07 October 2020
As autumn approaches, we’re looking to history books to get stuck into; to educate us and draw us into their stories as the evenings grow longer. Our line-up of new publications includes top-class writing from bestselling academics. Read on to find out more.
BRITAIN AT BAY
‘Invigorating and beautifully-constructed’ – David Kynaston
In the bleak first half of the Second World War, Britain stood alone against the Axis forces. Isolated and outmanoeuvred, it seemed as though she might fall at any moment. Only an extraordinary effort of courage – by ordinary men and women – held the line.
The Second World War is the defining experience of modern British history, a new Iliad for our own times. But, as Alan Allport reveals in this, the first part of a major new two-volume history, the real story was often very different from the myth that followed it. From the subtle moral calculus of appeasement to the febrile dusts of the Western Desert, Allport interrogates every aspect of the conflict – and exposes its echoes in our own age.
Challenging orthodoxy and casting fresh light on famous events from Dunkirk to the Blitz, this is the real story of a clash between civilisations that remade the world in its image.
In 1939, the Gestapo created a list of names: the Britons whose removal would be the Nazis’ first priority in the event of a successful invasion. Who were they? What had they done to provoke Germany? For the first time, the historian Sybil Oldfield uncovers their stories and reveals why the Nazis feared their influence.
Those on the hitlist – more than half of them naturalised refugees – were many of Britain’s most gifted and humane inhabitants. Among their numbers we find the writers E. M. Forster and Virginia Woolf, humanitarians and religious leaders, scientists and artists, the social reformers Margery Fry and Eleanor Rathbone MP, the artists Jacob Epstein and Oscar Kokoschka.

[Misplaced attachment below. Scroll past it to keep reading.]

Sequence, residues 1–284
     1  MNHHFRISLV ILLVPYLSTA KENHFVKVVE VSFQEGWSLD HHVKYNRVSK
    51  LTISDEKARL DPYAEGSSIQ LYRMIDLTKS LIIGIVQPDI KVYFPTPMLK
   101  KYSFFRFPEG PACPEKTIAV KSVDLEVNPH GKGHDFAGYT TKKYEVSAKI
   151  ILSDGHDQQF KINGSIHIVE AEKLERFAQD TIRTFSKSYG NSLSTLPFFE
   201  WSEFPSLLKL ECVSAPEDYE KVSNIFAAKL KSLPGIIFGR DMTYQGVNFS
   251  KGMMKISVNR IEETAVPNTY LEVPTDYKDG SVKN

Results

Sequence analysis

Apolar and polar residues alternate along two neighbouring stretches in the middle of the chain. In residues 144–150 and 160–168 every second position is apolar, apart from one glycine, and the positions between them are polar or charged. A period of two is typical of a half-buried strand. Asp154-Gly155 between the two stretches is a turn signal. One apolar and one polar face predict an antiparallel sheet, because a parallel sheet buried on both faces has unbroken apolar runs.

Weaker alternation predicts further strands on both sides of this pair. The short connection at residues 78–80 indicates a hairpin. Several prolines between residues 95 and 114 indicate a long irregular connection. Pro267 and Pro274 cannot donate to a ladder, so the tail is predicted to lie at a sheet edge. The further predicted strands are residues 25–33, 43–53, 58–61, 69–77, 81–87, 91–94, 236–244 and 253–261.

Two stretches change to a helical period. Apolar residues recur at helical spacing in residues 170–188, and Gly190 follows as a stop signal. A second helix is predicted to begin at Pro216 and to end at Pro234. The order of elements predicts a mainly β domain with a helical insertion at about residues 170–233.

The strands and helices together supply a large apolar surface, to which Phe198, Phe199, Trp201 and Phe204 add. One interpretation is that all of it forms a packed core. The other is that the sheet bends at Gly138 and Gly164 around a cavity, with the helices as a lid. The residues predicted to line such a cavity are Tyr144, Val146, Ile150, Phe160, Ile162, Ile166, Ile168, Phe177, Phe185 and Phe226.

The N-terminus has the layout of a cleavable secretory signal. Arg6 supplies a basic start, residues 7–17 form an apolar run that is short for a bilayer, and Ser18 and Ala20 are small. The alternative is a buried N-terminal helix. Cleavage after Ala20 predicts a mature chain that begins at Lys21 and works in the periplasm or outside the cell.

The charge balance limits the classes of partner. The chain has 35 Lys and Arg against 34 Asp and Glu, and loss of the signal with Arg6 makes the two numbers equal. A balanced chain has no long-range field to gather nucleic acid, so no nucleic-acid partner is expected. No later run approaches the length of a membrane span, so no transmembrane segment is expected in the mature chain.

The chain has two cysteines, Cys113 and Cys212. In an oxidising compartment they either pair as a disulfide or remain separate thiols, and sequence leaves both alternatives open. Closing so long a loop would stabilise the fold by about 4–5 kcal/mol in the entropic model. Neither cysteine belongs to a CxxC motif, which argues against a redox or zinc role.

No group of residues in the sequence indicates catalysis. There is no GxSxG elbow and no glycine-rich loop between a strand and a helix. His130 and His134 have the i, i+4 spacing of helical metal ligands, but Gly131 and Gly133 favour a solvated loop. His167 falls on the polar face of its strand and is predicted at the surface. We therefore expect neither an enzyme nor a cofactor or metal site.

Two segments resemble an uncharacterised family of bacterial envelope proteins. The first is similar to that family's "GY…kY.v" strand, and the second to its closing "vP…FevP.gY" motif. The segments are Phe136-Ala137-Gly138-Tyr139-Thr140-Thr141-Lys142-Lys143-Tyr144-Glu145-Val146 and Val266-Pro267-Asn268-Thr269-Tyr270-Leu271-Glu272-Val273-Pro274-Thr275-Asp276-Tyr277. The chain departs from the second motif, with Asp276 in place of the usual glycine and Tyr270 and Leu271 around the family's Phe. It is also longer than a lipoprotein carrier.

By examining these targets of Nazi hatred, Oldfield not only sheds light on the Gestapo worldview; she also movingly reveals a network of truly exemplary Britons: mavericks, moral visionaries and unsung heroes.
‘[An] excellent historical exposé’ The Times
RUIN AND RENEWAL
‘Erudite, rigorously researched, and elegantly written… A masterpiece’
– Prof. David Motadel
In 1945, Europe lay in ruins – its cities and towns destroyed by conflict, its economies crippled, its societies ripped apart by war and violence. In the years that followed, Europeans tried to make sense of what had happened – and to forge a new understanding of civilisation that would bring peace and progress to a broken continent.
As they wrestled with questions great and small – from the legacy of colonialism to workplace etiquette – institutions and shared ideals emerged which still shape our world today. Drawing on original sources as well as individual stories and voices, this is a gripping and authoritative account of how Europe rebuilt itself – and what we, in the twenty-first century, could lose again.